Good Records, Good Medicine CARROLL COUNTY

February 17, 1993

The federal government's warning to Carroll County General Hospital to improve its record-keeping practices is not a case of bureaucratic nitpicking. Maintaining accurate and up-to-date patient records is as much a part of good medicine as having properly trained physicians, nurses and technicians.

One of the first things a doctor looks at when he or she enters a patient's room is the medical chart. All sorts of important information necessary for diagnoses and treatment -- vital signs, medications and previous medical orders to name a few -- are contained in that file.

Inadequate records can lead to disaster. If medications are not properly noted, patients can be given the wrong dosage. If physical exams and patient histories are not contained in the charts, doctors can't make proper judgments and render the appropriate care.

Record-keeping mix-ups even resulted in a few patients, who required special diets, receiving meals that may have aggravated their conditions. A heart patient received meals that contained too much sodium, and a woman may have lost a substantial amount of weight during her one-month hospitalization because her meals contained 300 calories a day less than her physician ordered.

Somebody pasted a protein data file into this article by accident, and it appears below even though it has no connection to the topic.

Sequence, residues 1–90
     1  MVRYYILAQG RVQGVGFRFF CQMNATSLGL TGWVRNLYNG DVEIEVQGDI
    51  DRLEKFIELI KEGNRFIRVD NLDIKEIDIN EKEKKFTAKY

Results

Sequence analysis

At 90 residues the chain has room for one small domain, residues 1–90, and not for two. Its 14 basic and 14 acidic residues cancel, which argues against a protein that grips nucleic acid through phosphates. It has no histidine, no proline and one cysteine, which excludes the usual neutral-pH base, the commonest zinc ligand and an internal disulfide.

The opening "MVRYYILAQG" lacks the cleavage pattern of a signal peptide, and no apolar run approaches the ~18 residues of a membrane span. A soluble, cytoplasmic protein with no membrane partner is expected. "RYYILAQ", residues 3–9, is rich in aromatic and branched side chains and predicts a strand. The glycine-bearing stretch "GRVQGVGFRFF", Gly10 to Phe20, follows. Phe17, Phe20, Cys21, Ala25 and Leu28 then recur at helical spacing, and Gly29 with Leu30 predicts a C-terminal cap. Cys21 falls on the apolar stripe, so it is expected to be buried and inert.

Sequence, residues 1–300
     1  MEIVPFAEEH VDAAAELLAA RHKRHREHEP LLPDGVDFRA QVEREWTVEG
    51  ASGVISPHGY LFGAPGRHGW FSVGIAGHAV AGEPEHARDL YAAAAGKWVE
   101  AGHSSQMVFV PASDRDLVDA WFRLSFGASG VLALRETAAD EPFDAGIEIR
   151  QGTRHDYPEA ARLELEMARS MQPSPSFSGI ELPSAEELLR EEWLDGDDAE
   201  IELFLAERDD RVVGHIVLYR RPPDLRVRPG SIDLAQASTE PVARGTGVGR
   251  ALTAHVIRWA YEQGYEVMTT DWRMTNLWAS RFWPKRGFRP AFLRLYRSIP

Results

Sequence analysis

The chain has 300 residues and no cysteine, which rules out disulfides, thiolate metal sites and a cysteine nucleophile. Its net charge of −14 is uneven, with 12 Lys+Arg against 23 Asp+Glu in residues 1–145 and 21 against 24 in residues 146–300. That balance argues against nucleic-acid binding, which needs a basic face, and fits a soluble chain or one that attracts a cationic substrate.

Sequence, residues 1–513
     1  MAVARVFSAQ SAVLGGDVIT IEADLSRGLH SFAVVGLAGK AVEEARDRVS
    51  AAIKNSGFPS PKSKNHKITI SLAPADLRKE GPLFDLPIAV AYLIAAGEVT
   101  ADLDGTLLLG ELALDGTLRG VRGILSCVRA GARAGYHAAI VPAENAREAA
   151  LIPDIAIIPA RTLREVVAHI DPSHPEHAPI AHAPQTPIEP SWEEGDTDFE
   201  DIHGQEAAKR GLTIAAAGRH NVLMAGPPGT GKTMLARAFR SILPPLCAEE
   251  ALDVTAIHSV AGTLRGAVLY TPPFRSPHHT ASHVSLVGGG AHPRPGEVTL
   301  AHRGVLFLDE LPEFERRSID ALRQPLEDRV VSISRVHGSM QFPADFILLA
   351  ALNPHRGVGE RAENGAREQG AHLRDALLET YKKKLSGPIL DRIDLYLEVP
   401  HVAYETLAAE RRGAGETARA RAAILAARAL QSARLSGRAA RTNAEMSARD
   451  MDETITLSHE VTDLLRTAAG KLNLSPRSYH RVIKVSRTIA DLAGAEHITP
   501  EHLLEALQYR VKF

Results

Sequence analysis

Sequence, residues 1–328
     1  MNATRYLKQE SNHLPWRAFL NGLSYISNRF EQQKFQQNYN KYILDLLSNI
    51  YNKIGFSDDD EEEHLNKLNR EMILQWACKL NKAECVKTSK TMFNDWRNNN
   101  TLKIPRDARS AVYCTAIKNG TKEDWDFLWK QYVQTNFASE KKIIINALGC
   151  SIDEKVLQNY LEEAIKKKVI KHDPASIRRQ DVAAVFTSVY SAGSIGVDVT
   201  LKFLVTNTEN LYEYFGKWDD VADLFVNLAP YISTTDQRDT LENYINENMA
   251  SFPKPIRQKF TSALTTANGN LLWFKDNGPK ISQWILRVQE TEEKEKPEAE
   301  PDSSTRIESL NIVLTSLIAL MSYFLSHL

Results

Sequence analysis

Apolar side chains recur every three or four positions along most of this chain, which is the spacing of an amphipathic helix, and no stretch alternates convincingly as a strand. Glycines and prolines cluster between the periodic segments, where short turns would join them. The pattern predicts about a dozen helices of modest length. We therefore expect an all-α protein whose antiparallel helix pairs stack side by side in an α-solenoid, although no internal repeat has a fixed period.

Part of the record-keeping difficulties at CCGH lies with physicians who don't make timely additions to their patients' medical charts. Using the inducement of a private office with free coffee, the hospital administration is trying to get the doctors to fill out their records before they leave the institution.

CCGH can suspend privileges for those physicians who are chronically late in maintaining their records. Hospital officials should not hesitate to resort to that extreme measure when necessary.

If the record-keeping problems are not corrected, the financial repercussions for CCGH are substantial. At risk are the reimbursement the hospital receives for Medicare patients, who occupy about half of the hospital's beds.

To its credit, the hospital administration is taking these deficiencies very seriously and taking steps to correct them. We hope the next time state health officials conduct a spot check, the hospital doesn't have trouble getting a passing mark for its record-keeping.

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